example, the following zips together two lists:</para>

<programlisting>
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   [ (x, y) | x &lt;- xs | y &lt;- ys ]
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</programlisting>

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    <para>The behaviour of parallel list comprehensions follows that of
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    zip, in that the resulting list will have the same length as the
    shortest branch.</para>

    <para>We can define parallel list comprehensions by translation to
    regular comprehensions.  Here's the basic idea:</para>

    <para>Given a parallel comprehension of the form: </para>

<programlisting>
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   [ e | p1 &lt;- e11, p2 &lt;- e12, ...
       | q1 &lt;- e21, q2 &lt;- e22, ...
       ...
   ]
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</programlisting>

    <para>This will be translated to: </para>

<programlisting>
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   [ e | ((p1,p2), (q1,q2), ...) &lt;- zipN [(p1,p2) | p1 &lt;- e11, p2 &lt;- e12, ...]
                                         [(q1,q2) | q1 &lt;- e21, q2 &lt;- e22, ...]
                                         ...
   ]
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</programlisting>

    <para>where `zipN' is the appropriate zip for the given number of
    branches.</para>

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  </sect2>
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  <!-- ===================== TRANSFORM LIST COMPREHENSIONS ===================  -->

  <sect2 id="generalised-list-comprehensions">
    <title>Generalised (SQL-Like) List Comprehensions</title>
    <indexterm><primary>list comprehensions</primary><secondary>generalised</secondary>
    </indexterm>
    <indexterm><primary>extended list comprehensions</primary>
    </indexterm>
    <indexterm><primary>group</primary></indexterm>
    <indexterm><primary>sql</primary></indexterm>


    <para>Generalised list comprehensions are a further enhancement to the
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    list comprehension syntactic sugar to allow operations such as sorting
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    and grouping which are familiar from SQL.   They are fully described in the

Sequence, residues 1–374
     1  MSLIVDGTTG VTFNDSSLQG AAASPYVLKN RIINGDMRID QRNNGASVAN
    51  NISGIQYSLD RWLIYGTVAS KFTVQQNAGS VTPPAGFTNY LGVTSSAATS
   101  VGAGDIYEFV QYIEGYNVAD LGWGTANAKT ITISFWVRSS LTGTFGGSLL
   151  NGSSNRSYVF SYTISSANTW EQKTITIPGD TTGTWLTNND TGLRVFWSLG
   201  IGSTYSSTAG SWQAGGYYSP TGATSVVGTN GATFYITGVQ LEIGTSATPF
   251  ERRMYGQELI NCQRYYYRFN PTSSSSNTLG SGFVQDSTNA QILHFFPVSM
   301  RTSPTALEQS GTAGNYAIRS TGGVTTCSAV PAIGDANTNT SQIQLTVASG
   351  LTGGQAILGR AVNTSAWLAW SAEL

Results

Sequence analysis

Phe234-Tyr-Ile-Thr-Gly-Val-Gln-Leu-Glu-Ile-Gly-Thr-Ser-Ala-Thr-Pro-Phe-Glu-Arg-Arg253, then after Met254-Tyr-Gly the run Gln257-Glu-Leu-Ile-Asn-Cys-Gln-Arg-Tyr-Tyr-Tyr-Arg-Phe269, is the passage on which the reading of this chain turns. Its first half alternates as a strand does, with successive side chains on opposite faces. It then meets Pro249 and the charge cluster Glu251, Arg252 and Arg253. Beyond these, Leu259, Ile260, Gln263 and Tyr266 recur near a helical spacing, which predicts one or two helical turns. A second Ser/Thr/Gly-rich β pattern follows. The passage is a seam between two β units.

paper <ulink url="http://research.microsoft.com/~simonpj/papers/list-comp">
	  Comprehensive comprehensions: comprehensions with "order by" and "group by"</ulink>,
    except that the syntax we use differs slightly from the paper.</para>
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<para>The extension is enabled with the flag <option>-XTransformListComp</option>.</para>
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<para>Here is an example:
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<programlisting>
employees = [ ("Simon", "MS", 80)
, ("Erik", "MS", 100)
, ("Phil", "Ed", 40)
, ("Gordon", "Ed", 45)
, ("Paul", "Yale", 60)]

output = [ (the dept, sum salary)
| (name, dept, salary) &lt;- employees
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, then group by dept using groupWith
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, then sortWith by (sum salary)
, then take 5 ]
</programlisting>
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In this example, the list <literal>output</literal> would take on
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    the value:
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<programlisting>
[("Yale", 60), ("Ed", 85), ("MS", 180)]
</programlisting>
</para>
<para>There are three new keywords: <literal>group</literal>, <literal>by</literal>, and <literal>using</literal>.
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(The functions <literal>sortWith</literal> and <literal>groupWith</literal> are not keywords; they are ordinary
functions that are exported by <literal>GHC.Exts</literal>.)</para>
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<para>There are five new forms of comprehension qualifier,
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all introduced by the (existing) keyword <literal>then</literal>:
    <itemizedlist>
    <listitem>
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<programlisting>
then f
</programlisting>

    This statement requires that <literal>f</literal> have the type <literal>
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    forall a. [a] -> [a]</literal>. You can see an example of its use in the
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    motivating example, as this form is used to apply <literal>take 5</literal>.
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    </listitem>
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    <listitem>
<para>
<programlisting>
then f by e
</programlisting>

    This form is similar to the previous one, but allows you to create a function
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    which will be passed as the first argument to f. As a consequence f must have
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    the type <literal>forall a. (a -> t) -> [a] -> [a]</literal>. As you can see
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    from the type, this function lets f &quot;project out&quot; some information
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    from the elements of the list it is transforming.</para>

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    <para>An example is shown in the opening example, where <literal>sortWith</literal>
    is supplied with a function that lets it find out the <literal>sum salary</literal>